GENEVA, Switzerland — As the coronavirus continues its spread, the luxury goods sector finds itself in terra incognita, or unknown territory: most of Europe and the Unites States are under lockdown forcing store closures and crushing consumer demand. In these markets, sales are near zero. And though China is slowly reopening, a global rebound in luxury sales may take a very long time, especially given the less stringent lockdown protocols Western governments have put in place.
As a result, luxury goods companies will need to do more than cut costs to get through this. They may need to act like bears in the winter: preserve all their vital organs and functions, shed the fat, and switch to resource-saving (in this cash-saving) mode. The idea is to reduce their cost perimeters while keeping as many of their personnel and key assets (mainly their stores) as possible. Virtually all manufacturing and sourcing must stop, as it makes no sense to create or produce new seasons when stores are closed, and sales are essentially at zero. This would only lead to a major excess inventory problem, heavy discounting and brand equity damage.
As stores are closed in many markets, while traffic is down to a trickle where they are open, it would only seem fair that landlords should share some of the burden. A significant “rental holiday” discount that seems to be happening in most geographies should become the norm, especially as rental costs are a significant portion of the SG&A bill incurred by luxury goods companies; probably close to one third of the total SG&A on average.
As the coronavirus continues its spread, the luxury goods sector finds itself in terra incognita, or unknown territory.
Dealing with personnel costs will be a more difficult matter. On the one hand, people and their skills are at the heart of what luxury goods stand for. Parting with talent would hardly seem the appropriate thing to do in this context. And I’d expect very few companies will resort to that. On the other hand, relying on government aid to help support salary costs won’t appear appropriate either: luxury goods companies have made significant profits over the last 20 years, and taking public resources could very likely look like poor form in the eyes of many.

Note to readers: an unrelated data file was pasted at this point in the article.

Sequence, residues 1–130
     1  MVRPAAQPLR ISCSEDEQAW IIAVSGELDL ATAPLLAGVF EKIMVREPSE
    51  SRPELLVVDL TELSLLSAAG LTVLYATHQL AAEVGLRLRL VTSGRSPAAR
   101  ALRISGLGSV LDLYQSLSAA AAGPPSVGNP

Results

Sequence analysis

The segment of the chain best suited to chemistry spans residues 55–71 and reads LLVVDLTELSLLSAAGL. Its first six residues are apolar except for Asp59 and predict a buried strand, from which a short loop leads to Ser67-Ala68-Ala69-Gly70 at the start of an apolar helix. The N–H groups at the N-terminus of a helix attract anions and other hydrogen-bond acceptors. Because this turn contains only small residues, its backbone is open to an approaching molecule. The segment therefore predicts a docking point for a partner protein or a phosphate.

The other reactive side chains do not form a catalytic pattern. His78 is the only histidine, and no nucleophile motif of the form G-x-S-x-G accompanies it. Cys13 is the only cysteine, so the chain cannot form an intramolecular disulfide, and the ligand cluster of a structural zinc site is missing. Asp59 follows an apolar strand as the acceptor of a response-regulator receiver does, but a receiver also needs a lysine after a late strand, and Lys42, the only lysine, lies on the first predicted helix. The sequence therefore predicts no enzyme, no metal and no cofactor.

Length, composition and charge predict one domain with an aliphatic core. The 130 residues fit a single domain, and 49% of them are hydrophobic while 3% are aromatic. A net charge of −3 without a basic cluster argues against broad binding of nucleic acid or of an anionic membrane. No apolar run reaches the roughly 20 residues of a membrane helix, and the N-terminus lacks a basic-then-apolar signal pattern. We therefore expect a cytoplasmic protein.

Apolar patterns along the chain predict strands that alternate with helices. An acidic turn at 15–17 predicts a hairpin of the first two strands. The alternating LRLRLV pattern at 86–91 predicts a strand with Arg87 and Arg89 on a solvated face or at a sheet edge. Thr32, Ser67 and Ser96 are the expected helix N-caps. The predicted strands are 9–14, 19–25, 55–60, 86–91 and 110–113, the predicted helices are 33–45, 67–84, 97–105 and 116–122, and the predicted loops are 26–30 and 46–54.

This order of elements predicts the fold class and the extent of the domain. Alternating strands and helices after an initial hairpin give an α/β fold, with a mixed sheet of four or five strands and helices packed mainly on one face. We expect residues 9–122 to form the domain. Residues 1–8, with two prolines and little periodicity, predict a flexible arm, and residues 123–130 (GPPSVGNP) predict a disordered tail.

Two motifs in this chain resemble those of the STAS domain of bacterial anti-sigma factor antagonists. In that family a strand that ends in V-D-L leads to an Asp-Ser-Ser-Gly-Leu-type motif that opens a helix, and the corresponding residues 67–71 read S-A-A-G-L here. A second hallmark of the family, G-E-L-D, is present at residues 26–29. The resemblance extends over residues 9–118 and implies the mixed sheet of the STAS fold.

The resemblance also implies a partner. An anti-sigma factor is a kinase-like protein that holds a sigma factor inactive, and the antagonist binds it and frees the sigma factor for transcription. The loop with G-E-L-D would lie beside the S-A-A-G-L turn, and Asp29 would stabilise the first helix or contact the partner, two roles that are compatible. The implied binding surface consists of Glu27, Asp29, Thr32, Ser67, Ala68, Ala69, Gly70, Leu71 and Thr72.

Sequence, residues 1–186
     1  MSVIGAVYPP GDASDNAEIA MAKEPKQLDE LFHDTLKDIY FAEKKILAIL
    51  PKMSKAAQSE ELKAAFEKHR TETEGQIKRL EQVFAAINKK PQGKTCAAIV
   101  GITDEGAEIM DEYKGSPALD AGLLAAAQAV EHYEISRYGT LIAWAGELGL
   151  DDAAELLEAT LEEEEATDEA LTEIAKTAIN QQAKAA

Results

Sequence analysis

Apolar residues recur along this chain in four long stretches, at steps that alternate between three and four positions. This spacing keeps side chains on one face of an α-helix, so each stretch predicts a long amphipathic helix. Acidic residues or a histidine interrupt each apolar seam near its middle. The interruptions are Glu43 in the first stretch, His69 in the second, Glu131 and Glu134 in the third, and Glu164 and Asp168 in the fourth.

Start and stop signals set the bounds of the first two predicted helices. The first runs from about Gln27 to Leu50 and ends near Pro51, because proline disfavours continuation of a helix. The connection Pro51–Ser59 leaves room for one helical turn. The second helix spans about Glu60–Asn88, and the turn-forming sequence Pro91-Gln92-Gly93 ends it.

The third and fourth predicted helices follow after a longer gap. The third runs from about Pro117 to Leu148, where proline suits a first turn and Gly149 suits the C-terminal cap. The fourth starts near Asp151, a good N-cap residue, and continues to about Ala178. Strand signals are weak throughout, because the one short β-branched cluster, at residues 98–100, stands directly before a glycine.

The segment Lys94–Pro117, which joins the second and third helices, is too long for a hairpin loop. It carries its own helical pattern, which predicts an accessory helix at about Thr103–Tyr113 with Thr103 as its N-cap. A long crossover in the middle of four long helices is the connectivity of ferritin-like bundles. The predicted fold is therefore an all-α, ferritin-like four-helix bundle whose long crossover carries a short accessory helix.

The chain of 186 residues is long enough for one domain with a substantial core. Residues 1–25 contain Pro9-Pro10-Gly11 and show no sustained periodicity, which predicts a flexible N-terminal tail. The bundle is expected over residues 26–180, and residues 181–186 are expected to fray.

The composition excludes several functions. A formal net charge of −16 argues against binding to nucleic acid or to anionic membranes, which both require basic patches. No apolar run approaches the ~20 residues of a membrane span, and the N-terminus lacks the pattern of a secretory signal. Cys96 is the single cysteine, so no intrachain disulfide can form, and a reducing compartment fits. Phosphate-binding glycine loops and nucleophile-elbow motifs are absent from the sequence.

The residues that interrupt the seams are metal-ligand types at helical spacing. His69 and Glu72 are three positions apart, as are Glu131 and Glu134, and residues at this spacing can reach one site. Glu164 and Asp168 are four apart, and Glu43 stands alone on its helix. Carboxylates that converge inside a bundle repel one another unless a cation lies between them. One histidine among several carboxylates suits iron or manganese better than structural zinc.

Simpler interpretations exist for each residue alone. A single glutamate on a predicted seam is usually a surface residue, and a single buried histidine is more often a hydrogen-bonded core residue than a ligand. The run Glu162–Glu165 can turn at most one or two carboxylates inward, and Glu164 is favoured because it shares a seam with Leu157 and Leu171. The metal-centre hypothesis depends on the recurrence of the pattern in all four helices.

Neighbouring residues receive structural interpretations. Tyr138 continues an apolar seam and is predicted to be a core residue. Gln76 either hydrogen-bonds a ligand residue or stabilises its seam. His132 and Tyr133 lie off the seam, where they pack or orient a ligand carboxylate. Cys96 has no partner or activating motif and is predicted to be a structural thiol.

One option is to get their people to work differently. We see a number of companies have redeployed their retail teams to contact clients using messaging apps and the telephone, which can be a valuable complement to digital distribution and enable them to reach customers in less-affected areas, who may still be in the mood for shopping, while lockdowns persist in the West.
On manufacturing, my initial concern about sourcing bottlenecks — especially in the early days of Covid-19 erupting in Italy — has quickly turned into a worry about too many products on the market with no takers. With so many stores closed, luxury brands are struggling to sell the inventory they already have, and therefore have little need to produce more.
The opportunities on this front vary as a function of two criteria: 1) a company’s liquidity position; 2) a company’s dependence on seasons. If your balance sheet is strong and your products have long shelf lives, then the best option is to pause production, hold off any discounting or promotion, and just sell what you have once we go back to normal. This is the case for the jewellery and leather goods categories, by and large. To a degree, the situation is different for fashion brands, as newness and seasonality will still be important once we exit lockdown. But here too, I think, pausing all production is vital, so as to limit the amount of inventory that needs to be cleared. Any raw materials in the pipeline could be earmarked for new styles to be manufactured once we are out of the woods. Equally, it will be important to brief creative departments on very narrow and ideally “all weather” capsule collections.
It is likely that — no matter the efforts of the better-managed fashion and luxury brands to reduce the amount of inventory discounting — that we will have to live through the mother of all end-of-season clearances. This, I expect, will have the knock-on effect of leading brands to move another step away from wholesale distribution, and will accelerate the on-going demise of the channel. In parallel, the relative success of e-commerce and clienteling will likely result in a step-change in the growth of digital distribution.
All told, we expect fashion and luxury goods companies to emerge from hibernation leaner but very much alive — just like bears in the spring.
Luca Solca is head of luxury goods research at Bernstein.
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